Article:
New research analyzing the data reported by thousands of adults aged 65 and older suggests that cannabis use has been distinctly on the rise in this age group.
According to an article in the Journal of Studies on Alcohol and Drugs, more and more people of all ages are using cannabis in the United States, especially since its legalization — for medical or recreational purposes — across several states.
A significant number of people use marijuana for medical reasons, as research and anecdotal evidence indicate that it can provide pain relief, thus working as a therapeutic aid for various chronic conditions.
Previous research — looking at data from 2005–2016 — indicated that an ever-increasing number of older adults started using cannabis.
Now, a new study from the New York University College of Global Public Health, NY, confirms that this upward trend has continued. Over the past few years, the number of people aged 65 and over who use marijuana has been increasing.
The researchers who conducted the study — Dr. Benjamin Han and Joseph Palamar, Ph.D. — analyzed the data of 14, 896 older adults who responded to the National Survey on Drug Use and Health (NSDUH) in the years 2015–2018.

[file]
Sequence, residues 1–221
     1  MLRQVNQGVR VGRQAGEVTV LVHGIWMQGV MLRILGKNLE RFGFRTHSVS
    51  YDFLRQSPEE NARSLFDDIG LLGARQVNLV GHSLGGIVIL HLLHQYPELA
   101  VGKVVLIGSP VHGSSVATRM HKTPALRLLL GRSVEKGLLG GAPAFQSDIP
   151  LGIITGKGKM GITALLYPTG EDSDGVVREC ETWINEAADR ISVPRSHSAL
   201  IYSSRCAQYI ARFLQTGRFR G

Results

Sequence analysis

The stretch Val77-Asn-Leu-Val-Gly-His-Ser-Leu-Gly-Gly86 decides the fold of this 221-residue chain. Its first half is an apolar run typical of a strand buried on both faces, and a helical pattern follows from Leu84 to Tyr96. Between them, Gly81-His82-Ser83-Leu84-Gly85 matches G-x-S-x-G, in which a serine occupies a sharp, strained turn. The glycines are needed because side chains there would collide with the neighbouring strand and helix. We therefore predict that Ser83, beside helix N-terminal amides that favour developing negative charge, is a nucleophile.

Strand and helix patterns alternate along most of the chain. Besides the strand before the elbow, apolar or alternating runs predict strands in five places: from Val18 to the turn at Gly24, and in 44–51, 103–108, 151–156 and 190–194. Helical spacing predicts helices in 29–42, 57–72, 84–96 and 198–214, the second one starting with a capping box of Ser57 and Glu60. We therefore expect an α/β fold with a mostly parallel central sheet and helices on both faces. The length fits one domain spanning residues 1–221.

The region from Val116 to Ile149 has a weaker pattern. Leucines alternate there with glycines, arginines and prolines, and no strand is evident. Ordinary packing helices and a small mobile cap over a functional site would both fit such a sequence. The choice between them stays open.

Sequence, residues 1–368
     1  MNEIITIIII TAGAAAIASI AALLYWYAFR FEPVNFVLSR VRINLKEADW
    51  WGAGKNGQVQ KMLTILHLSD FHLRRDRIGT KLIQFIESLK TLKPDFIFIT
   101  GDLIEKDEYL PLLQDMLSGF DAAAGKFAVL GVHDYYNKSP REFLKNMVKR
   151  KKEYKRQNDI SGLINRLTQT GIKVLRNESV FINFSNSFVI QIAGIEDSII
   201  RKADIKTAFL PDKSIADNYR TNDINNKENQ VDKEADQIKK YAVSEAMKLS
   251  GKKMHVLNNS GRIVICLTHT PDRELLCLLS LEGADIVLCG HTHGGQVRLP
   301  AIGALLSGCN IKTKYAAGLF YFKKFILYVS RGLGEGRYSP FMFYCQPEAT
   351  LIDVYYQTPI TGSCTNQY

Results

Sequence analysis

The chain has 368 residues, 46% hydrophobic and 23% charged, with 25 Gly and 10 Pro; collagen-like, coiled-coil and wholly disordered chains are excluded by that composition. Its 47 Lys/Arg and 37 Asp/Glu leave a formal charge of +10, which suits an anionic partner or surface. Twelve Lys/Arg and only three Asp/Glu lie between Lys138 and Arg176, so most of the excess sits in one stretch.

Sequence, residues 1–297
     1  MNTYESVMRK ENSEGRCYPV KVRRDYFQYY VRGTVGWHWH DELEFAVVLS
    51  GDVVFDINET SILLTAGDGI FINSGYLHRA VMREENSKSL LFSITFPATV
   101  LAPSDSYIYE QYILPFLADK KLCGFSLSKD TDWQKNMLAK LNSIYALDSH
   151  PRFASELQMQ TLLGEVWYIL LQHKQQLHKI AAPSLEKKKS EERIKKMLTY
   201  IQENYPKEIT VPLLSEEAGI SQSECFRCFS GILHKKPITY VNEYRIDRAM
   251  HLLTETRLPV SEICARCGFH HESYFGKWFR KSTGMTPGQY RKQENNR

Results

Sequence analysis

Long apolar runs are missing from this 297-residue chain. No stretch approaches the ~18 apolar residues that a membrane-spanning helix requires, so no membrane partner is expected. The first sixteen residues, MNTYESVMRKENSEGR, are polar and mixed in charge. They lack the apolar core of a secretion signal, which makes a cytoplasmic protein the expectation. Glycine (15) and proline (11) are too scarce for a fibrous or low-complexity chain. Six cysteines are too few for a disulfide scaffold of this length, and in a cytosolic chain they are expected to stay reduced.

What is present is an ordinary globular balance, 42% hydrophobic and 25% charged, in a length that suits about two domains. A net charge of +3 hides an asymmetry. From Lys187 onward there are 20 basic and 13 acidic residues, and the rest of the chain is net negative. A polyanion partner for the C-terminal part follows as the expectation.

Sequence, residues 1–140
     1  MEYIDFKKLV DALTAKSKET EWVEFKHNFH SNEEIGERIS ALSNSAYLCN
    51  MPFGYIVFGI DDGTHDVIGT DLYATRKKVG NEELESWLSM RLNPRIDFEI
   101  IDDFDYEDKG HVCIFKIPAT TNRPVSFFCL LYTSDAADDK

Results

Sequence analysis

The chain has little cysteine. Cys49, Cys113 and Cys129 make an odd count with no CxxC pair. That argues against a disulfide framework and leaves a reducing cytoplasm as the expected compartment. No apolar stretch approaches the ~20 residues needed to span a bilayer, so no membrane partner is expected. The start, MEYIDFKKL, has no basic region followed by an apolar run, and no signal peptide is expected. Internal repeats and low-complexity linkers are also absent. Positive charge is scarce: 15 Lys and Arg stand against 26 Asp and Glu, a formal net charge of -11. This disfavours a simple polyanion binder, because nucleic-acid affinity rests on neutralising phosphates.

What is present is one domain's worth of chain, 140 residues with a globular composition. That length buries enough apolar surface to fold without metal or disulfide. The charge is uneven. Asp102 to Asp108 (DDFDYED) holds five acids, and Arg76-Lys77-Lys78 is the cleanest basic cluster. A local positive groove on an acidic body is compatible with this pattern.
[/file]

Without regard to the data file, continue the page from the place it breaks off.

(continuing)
The two authors report their findings in
Dr. Han and Palamar assessed the cannabis use trend among older adults in the U.S. over the most recent 3-year period cover by the NSDUH. To do so, they looked at responders’ reports of “marijuana, hashish, pot, grass, and hash oil use either smoked or ingested” within 1 year.
Based on this information, the researchers estimate that the proportion of people aged 65 and over who use marijuana in some form has almost doubled within 3 years, increasing from 2.4% of NSDUH respondents in 2015 to 4.2% in 2018.
Among this cohort — of which 55.2% were male, and 77.1% were white — there were some categories and social groups in which the upward trend in marijuana use was particularly prominent.
Some of the most significant use increases appeared among women, individuals who belonged to a racial or ethnic minority, college-educated individuals, married individuals, those with higher incomes, as well as people who reported frequently using alcohol, having received mental health treatment, and those living with diabetes.
While the researchers used data from a representative national cohort, the investigators note that their study did face some limitations.
Chief among these is the fact that the data were self-reported by survey respondents, which could lead to inaccuracies.
Still, the trend identified in the current study may be cause for concern, the researchers point out.
“While more older adults use cannabis, the current clinical evidence to support its use in this population is limited,” they write, stressing:
“Older adults are especially vulnerable to potential adverse effects from cannabis, and with their increase in cannabis use, there is an urgent need to better understand both the benefits and risks of cannabis use in this population.”